Previously on Boston Public: Dr. Benji shocked Anthony Heald with a rehearsal for his lesbian-kiss-fest production of It's Our Town Too; Anthony Heald told Steven the production would make them lose their funding, and then he saw Jeremy Peters kissing some guy backstage.
Late at night. Steven is in his office when some guy comes in. I bet he's a lawyer, because this is a show about high school. Sure enough, he's the lawyer for a guy name Wesley Poe, a former Winslow High student now on death row for aggravated rape and murder. The attorney has been handling the appeal: "Unsuccessfully, I might add." What does he mean, "I might add"? Isn't that what you say when you add something that you're proud of? How about, "Unsuccessfully, I'm sad to say"? Whatever. Steven doesn't remember the kid, and wants to know what all of this has to do with him. Apparently, the kid wants Steven there when he is executed, this Thursday. The Low Keyboard Notes Of Unwanted Responsibility take us to…
Chez Hook. Scott and The Fancy New Hand Lady enter, laughing, after another fun-filled night on the town. Apparently, they're laughing about how cold it is outside. "I can barely feel my fingers, ha ha ha!" "The wind chill alone, hee hee hee heeee!" They walk into the kitchen to find Jeremy and the guy he was kissing before, both covered in sweat. The New Hand Lady observes that her son is sweating, and he's all, "Brandon was showing me some karate moves." She goes to get him a cold compress, leaving Scott to banter awkwardly with the two virile young boys. Brandon leaves. Meredith returns, irate, because she has spotted a used condom floating in the toilet. Jeremy, however, has an explanation for everything: "Brandon brought his girlfriend over. I just let them use the house, because his parents were home." The New Hand Lady is all, "You're also grounded!" Also? Then she says, "Get in the basem -- up to your room!" He goes. She asks Scott to leave. He tries to tell her something, but she says they'll speak tomorrow.
Teacher's lounge. Steven is talking to Harry "Coach" Senate The Plot Parasite, who asks, with what can only be called incredulity, "And you really don't remember him?" Steven says no, he doesn't; he must have had him in a class or something, but the records that far back are all in storage. Harry, because he is an expert on all criminal law, being a teacher, says that he didn't think you could get the death penalty for just one murder, and that the special circumstances were either that he killed a police officer, or tortured his victim. Since his victim was a fifteen-year-old girl, and not a police officer…well, you do the math. And then, when you're done doing math, conclude that Wesley Poe tortured some girl. Determined to milk more screen time from someone else's plot, as per his new purpose, Harry asks what Steven is going to do. "Well, he doesn't have any parents…" Guh? Ah yes, one of those new, spontaneously generated kids they're making nowadays. "…so first I'm just gonna go see him." "In Delaware?" "Yeah." Harvey comes in, commenting on the cold, but not finding it as hilarious as Scott and Meredith did earlier. "I can't teach when can see my own breath." "Why," says Steven, "does it look the way it smells?" Buh zuh huh? Why does everyone hate Harvey? Why is everybody mean to him, again? I don't understand this anymore. It's like they've given up on motivating the cruelty towards him with his actions, like being racist or incompetent, and now everybody just insults him for no reason. Great.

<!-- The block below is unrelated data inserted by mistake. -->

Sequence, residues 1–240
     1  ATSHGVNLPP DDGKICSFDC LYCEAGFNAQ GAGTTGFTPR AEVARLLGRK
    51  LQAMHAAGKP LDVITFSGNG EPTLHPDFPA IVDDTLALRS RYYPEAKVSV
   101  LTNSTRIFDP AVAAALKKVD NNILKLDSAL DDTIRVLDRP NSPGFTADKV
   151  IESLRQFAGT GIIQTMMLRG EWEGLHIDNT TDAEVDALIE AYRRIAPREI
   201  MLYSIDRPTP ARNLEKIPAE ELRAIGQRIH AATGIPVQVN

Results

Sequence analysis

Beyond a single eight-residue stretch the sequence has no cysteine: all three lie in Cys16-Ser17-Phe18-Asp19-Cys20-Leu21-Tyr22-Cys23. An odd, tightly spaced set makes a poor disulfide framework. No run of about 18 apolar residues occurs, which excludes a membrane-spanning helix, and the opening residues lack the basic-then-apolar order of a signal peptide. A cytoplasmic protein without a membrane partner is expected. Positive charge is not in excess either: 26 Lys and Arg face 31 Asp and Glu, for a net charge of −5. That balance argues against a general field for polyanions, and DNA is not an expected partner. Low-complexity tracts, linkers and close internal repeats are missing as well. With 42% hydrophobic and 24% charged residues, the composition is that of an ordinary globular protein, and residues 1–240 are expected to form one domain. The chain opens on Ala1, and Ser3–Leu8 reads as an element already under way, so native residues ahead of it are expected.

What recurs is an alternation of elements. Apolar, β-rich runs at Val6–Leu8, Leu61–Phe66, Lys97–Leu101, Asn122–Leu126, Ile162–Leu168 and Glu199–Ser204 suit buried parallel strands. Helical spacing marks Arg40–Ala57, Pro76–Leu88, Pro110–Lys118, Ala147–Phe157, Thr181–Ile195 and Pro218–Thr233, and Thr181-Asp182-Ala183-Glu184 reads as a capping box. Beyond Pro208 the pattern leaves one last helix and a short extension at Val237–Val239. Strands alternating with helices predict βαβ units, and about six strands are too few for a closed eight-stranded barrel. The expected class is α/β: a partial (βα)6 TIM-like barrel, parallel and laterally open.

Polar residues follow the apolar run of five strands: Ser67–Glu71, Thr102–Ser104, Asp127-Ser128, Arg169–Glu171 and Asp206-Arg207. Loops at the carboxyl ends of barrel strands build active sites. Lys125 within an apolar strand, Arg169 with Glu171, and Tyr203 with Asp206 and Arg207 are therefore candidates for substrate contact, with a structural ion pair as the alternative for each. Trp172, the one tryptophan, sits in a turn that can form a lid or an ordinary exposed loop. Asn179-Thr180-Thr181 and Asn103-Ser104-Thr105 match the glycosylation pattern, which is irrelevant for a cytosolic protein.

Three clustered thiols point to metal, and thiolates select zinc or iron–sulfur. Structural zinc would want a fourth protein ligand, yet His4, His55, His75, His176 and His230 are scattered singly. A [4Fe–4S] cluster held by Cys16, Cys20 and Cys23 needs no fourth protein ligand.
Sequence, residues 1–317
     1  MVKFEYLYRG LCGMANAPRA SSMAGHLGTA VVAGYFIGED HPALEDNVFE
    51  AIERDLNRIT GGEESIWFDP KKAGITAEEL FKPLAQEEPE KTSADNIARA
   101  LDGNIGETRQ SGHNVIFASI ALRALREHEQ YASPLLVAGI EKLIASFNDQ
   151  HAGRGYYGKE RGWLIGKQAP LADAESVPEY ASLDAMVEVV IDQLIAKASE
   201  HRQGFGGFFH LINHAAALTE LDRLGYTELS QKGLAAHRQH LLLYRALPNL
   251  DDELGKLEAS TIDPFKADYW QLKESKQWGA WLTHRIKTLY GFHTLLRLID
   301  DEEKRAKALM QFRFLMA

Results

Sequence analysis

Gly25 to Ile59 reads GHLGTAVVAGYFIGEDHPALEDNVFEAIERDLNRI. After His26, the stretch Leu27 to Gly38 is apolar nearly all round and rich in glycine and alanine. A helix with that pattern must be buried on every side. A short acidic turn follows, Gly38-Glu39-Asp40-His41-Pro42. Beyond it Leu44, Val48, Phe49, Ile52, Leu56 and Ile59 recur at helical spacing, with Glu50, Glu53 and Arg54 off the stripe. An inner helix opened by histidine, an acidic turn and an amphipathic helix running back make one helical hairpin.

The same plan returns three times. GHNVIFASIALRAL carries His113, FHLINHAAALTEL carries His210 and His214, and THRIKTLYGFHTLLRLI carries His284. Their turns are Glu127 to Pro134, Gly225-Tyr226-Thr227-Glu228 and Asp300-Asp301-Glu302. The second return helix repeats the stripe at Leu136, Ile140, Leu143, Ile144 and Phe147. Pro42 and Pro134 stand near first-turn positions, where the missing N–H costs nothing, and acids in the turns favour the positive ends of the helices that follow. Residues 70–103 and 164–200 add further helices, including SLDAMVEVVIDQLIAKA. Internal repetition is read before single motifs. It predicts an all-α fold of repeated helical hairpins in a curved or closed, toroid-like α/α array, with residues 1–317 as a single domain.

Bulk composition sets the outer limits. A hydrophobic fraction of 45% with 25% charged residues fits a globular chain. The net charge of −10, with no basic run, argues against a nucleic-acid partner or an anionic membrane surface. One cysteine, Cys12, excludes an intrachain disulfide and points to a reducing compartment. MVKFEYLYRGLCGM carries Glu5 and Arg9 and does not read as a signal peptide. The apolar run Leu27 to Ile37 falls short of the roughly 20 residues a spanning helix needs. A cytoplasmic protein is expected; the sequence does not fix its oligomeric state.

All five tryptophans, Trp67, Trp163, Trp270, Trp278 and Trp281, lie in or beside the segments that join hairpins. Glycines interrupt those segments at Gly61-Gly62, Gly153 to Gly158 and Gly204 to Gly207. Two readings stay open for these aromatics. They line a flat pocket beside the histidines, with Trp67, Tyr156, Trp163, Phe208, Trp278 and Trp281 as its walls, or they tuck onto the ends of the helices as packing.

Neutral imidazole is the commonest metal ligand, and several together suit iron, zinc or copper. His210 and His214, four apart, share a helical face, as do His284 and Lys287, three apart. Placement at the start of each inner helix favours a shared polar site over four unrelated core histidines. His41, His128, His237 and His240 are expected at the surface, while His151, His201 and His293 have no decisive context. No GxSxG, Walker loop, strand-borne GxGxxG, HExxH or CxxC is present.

The un-geon. Ronnie is trying to teach something about literature: "So if Charles Dickens is the chronicler of the 1800s, who do you think could be ours today?" Somebody says Stephen King, which is a really weird answer. I mean, his focus isn't really the trials and tribulations of contemporary mores, is it? What about Richard Ford? But I guess that's the point, because you don't get good answers in the un-geon. Some kid who is obsessively sharpening pencils in the corner is all, "Oh yeah did you read Pet Sematary totally awesome yeah cool yeah…" Ronnie tells the kid, whose name is Zack, to stop sharpening pencils. Zack. Zack. He's a pencil sharpening maniac. Ronnie keeps Zack busy passing out assignments, and then points out that King "relies on horror for his story motives," which is a meaningless sentence. Zack interrupts her again, and she tries to take back the assignments, but he clambers all over the desks passing out assignments wildly.